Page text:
5. Sleep well
Sleep plays an important role in helping you consolidate your memories, so you can recall them down the road. Make getting enough sleep a priority. Most adults need seven to nine hours of sleep a day.
6. Eat a healthy diet
A healthy diet might be as good for your brain as it is for your heart. Eat fruits, vegetables and whole grains. Choose low-fat protein sources, such as fish, beans and skinless poultry. What you drink counts, too. Too much alcohol can lead to confusion and memory loss. So can drug use.
7. Manage chronic conditions
Follow your doctor’s treatment recommendations for medical conditions, such as depression, high blood pressure, high cholesterol, diabetes, obesity and hearing loss. The better you take care of yourself, the better your memory is likely to be. In addition, review your medications with your doctor regularly. Various medications can affect memory.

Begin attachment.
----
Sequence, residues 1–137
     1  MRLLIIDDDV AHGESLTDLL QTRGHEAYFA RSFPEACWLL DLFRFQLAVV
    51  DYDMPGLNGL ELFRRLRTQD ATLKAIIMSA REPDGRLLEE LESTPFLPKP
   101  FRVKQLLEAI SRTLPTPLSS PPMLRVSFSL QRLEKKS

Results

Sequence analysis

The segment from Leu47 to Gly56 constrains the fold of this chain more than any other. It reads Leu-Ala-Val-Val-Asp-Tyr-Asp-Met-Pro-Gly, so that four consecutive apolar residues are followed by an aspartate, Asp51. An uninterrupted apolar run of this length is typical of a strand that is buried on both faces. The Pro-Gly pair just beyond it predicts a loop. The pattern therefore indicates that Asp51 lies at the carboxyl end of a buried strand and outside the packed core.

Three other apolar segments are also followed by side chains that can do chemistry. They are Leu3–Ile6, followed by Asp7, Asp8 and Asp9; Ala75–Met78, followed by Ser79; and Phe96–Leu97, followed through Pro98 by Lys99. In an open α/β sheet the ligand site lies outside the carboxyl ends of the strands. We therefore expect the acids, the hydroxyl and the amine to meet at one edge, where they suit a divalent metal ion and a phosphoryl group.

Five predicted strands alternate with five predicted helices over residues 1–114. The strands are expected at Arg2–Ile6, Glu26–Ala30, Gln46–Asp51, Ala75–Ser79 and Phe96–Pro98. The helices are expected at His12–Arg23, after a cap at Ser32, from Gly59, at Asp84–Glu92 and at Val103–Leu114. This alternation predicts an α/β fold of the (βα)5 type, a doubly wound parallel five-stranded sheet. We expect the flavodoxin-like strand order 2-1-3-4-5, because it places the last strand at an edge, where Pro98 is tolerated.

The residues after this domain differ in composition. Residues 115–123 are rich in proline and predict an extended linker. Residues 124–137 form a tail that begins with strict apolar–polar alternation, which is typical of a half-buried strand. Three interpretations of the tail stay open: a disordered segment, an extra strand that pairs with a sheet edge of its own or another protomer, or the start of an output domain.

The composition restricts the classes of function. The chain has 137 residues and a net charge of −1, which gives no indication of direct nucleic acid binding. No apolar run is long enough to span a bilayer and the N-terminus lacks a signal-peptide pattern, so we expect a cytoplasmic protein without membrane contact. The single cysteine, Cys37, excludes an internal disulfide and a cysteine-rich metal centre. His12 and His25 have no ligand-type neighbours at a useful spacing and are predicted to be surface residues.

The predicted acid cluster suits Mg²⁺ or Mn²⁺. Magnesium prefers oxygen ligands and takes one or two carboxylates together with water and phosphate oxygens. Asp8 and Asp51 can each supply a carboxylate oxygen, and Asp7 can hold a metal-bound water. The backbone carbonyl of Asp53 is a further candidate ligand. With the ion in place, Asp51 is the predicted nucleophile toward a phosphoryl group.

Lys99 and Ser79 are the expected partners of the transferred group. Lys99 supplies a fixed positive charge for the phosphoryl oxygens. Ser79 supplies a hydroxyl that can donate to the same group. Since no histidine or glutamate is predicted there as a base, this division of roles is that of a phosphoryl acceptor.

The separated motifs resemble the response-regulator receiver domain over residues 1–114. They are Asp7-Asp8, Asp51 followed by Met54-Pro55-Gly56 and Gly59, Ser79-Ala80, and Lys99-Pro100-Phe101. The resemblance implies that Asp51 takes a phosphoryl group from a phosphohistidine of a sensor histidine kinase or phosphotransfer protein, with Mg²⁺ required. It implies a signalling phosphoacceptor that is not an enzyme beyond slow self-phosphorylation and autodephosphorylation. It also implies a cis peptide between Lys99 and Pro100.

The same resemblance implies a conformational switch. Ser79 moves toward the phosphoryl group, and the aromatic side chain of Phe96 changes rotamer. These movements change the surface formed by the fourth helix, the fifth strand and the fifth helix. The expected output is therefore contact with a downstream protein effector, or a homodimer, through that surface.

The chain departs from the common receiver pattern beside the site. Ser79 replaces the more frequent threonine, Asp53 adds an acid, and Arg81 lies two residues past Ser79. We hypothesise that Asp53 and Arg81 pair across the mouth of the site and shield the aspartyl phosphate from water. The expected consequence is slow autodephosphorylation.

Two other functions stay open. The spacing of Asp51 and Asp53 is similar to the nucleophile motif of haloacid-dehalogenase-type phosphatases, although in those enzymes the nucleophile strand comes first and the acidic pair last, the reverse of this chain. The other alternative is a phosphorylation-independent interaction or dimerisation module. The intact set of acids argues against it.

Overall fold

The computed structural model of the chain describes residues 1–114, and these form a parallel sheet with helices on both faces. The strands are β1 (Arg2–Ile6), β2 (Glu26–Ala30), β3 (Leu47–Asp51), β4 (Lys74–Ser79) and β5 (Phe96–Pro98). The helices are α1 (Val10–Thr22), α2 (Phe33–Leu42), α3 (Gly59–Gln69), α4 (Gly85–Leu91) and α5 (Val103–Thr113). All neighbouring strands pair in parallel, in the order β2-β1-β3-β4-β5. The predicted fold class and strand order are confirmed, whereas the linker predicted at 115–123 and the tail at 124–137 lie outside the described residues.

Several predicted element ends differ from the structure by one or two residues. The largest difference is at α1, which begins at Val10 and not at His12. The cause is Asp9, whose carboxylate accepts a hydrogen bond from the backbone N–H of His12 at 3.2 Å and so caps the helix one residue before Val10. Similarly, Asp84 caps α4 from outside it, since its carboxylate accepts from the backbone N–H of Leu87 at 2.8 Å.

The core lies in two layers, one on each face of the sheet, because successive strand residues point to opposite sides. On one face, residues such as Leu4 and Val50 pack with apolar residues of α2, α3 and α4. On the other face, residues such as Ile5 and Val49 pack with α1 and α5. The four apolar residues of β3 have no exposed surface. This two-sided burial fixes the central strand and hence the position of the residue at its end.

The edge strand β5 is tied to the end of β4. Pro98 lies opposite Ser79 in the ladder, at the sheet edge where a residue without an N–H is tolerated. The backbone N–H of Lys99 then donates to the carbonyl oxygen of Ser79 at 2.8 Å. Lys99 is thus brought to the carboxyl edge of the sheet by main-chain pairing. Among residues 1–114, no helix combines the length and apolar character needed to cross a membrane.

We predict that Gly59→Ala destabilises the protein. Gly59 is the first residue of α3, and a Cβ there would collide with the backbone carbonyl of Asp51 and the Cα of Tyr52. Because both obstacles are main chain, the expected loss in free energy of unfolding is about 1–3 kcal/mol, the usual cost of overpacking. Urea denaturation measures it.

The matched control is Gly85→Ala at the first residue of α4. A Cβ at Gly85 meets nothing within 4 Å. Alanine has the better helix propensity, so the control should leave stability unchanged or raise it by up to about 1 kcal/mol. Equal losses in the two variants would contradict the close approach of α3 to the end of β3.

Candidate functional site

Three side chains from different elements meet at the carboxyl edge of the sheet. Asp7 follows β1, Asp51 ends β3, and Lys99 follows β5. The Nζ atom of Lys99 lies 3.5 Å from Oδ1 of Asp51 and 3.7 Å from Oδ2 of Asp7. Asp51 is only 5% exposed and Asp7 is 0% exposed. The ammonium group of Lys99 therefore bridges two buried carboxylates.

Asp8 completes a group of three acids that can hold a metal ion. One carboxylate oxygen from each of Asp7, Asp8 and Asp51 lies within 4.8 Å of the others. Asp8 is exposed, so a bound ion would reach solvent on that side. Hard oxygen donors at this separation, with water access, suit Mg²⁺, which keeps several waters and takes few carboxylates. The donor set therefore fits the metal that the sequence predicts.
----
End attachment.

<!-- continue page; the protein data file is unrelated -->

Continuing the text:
8. Drink Less Alcohol
Alcohol has neurotoxic effects on the brain, including reducing memory performance. Occasional moderate drinking isn’t an issue, but binge drinking can damage your hippocampus, a key area of your brain associated with memory.
9. Cut Down on Refined Carbs
Like added sugar, refined carbohydrates lead to a spike in blood sugar levels, which can damage your brain over time. Diets high in refined carbs have been associated with dementia, cognitive decline and reduced brain function.
10. Eat Less Added Sugar
Eating too much added sugar has been linked to many health issues and chronic diseases, including cognitive decline.
Research has shown that people who regularly consume lots of added sugar may have poorer memories and lower brain volumes than those who consume less sugar.
When to seek help for memory loss
If you’re worried about memory loss — especially if memory loss affects your ability to complete your usual daily activities or if you notice your memory getting worse — talk to your doctor. He or she will likely do a physical exam, as well as check your memory and problem-solving skills.
Sometimes other tests are needed as well. Treatment will depend on what’s contributing to your memory loss.